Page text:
As the primary pioneer of Impressionism and a Modern Art master, Claude Monet is known for his distinctive style and iconic oeuvre. With an interest in capturing the fleeting effects of light on his subjects, the French artist often opted to paint en plein air—or “outside”—in his picturesque garden. Renowned for its Japanese influences, this manicured plot featured weeping willow trees, seasonal flowers, and, most famously, a network of water lilies.
For 30 years, the aging artist would focus on the floating flora, culminating in Les Nymphéas (“The Water Lilies”), a series of around 250 large-scale oil paintings. Today, these pieces are among his most well-known work, and are showcased in museums, galleries, and collections around the world.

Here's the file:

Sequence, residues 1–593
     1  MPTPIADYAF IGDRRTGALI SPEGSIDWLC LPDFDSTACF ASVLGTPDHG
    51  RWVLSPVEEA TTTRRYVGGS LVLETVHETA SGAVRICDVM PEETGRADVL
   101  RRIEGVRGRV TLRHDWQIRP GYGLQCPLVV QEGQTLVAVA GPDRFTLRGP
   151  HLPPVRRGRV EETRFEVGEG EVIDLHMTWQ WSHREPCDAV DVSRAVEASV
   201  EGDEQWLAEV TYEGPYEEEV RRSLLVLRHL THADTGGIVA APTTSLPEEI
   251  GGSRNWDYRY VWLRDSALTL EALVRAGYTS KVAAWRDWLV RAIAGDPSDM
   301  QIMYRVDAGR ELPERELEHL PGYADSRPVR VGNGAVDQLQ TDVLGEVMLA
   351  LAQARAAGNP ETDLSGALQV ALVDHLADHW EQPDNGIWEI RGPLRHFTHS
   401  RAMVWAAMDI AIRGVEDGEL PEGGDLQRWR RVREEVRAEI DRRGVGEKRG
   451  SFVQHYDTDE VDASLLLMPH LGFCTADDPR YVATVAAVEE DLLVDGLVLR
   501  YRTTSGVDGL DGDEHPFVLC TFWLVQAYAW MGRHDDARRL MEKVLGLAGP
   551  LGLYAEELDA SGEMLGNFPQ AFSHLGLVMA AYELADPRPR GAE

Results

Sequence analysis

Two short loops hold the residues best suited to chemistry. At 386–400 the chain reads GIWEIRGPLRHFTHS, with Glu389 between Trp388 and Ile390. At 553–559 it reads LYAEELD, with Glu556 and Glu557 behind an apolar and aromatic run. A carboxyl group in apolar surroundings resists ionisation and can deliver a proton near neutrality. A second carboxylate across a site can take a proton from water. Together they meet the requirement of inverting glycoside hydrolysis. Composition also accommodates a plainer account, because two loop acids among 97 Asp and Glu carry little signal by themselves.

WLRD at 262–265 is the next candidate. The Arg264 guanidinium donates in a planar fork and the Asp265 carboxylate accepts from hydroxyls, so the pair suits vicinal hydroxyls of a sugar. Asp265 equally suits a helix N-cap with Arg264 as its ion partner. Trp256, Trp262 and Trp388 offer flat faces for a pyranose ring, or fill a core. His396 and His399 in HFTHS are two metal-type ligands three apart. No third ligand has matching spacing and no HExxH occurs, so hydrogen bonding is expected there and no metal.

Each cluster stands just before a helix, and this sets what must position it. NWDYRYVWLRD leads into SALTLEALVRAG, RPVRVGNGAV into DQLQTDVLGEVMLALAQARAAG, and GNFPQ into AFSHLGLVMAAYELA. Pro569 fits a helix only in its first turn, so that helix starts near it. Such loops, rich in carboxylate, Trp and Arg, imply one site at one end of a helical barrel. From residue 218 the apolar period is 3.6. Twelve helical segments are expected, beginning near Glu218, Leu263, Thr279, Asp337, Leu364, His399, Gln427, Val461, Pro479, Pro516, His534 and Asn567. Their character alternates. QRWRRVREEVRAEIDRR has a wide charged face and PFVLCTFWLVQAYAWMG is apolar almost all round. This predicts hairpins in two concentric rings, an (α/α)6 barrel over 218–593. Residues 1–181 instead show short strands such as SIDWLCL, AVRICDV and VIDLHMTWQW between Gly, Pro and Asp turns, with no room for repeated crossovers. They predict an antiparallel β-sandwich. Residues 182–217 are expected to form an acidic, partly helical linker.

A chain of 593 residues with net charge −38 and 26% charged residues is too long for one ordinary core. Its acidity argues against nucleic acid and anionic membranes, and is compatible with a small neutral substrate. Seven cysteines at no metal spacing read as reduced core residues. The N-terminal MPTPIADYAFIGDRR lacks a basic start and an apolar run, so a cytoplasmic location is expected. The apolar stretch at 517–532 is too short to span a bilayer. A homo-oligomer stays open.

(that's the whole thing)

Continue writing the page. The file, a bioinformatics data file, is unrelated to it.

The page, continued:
Monet's Garden at Giverny
From 1883 until his death 43 years later, Monet lived in idyllic Giverny, France.
Here, he surrounded himself with beauty, as evident in his home's sunny interiors, the collection of Japanese woodblock prints that hung on his walls, and the oriental-inspired gardens he constructed steps from his front door—a colorful creation he famously called his “most beautiful masterpiece.”
At the center of this “masterpiece” is a man-made pond that is framed by flowers and adorned with a Japanese bridge. This pool quickly became one of Monet's favorite subjects, with its whimsical water lily covering consistently stealing the show.